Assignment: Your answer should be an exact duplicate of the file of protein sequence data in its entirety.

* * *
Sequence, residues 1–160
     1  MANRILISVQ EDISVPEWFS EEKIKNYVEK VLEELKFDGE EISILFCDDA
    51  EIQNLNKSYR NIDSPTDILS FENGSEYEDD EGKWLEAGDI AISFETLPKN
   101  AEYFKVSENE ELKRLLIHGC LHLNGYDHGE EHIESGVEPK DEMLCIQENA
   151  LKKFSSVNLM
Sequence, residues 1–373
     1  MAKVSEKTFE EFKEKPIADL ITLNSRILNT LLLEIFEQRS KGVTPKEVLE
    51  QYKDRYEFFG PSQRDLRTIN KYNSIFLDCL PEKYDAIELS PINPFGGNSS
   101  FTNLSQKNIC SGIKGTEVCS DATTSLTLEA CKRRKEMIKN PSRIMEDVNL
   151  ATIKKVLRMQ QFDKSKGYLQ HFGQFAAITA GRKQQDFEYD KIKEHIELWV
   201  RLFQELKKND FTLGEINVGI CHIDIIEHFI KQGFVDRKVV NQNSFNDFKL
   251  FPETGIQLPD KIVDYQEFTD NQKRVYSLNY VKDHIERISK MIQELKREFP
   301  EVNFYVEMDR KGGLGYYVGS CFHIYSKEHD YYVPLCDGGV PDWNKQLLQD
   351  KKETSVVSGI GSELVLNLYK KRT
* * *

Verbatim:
Sequence, residues 1–160
     1  MANRILISVQ EDISVPEWFS EEKIKNYVEK VLEELKFDGE EISILFCDDA
    51  EIQNLNKSYR NIDSPTDILS FENGSEYEDD EGKWLEAGDI AISFETLPKN
   101  AEYFKVSENE ELKRLLIHGC LHLNGYDHGE EHIESGVEPK DEMLCIQENA
   151  LKKFSSVNLM
Sequence, residues 1–373
     1  MAKVSEKTFE EFKEKPIADL ITLNSRILNT LLLEIFEQRS KGVTPKEVLE
    51  QYKDRYEFFG PSQRDLRTIN KYNSIFLDCL PEKYDAIELS PINPFGGNSS
   101  FTNLSQKNIC SGIKGTEVCS DATTSLTLEA CKRRKEMIKN PSRIMEDVNL
   151  ATIKKVLRMQ QFDKSKGYLQ HFGQFAAITA GRKQQDFEYD KIKEHIELWV
   201  RLFQELKKND FTLGEINVGI CHIDIIEHFI KQGFVDRKVV NQNSFNDFKL
   251  FPETGIQLPD KIVDYQEFTD NQKRVYSLNY VKDHIERISK MIQELKREFP
   301  EVNFYVEMDR KGGLGYYVGS CFHIYSKEHD YYVPLCDGGV PDWNKQLLQD
   351  KKETSVVSGI GSELVLNLYK KRT